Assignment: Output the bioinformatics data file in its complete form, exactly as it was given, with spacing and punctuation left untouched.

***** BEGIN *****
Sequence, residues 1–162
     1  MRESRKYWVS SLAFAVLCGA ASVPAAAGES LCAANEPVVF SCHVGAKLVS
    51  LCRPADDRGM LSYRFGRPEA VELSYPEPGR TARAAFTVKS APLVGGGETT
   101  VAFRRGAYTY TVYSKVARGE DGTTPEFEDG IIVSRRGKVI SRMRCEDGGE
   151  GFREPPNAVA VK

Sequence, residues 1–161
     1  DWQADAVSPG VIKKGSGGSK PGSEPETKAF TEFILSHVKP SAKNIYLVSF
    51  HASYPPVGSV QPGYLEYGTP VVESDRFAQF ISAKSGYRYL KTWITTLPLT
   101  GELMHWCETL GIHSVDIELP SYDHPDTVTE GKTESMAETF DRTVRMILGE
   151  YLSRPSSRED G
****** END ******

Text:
Sequence, residues 1–162
     1  MRESRKYWVS SLAFAVLCGA ASVPAAAGES LCAANEPVVF SCHVGAKLVS
    51  LCRPADDRGM LSYRFGRPEA VELSYPEPGR TARAAFTVKS APLVGGGETT
   101  VAFRRGAYTY TVYSKVARGE DGTTPEFEDG IIVSRRGKVI SRMRCEDGGE
   151  GFREPPNAVA VK

Sequence, residues 1–161
     1  DWQADAVSPG VIKKGSGGSK PGSEPETKAF TEFILSHVKP SAKNIYLVSF
    51  HASYPPVGSV QPGYLEYGTP VVESDRFAQF ISAKSGYRYL KTWITTLPLT
   101  GELMHWCETL GIHSVDIELP SYDHPDTVTE GKTESMAETF DRTVRMILGE
   151  YLSRPSSRED G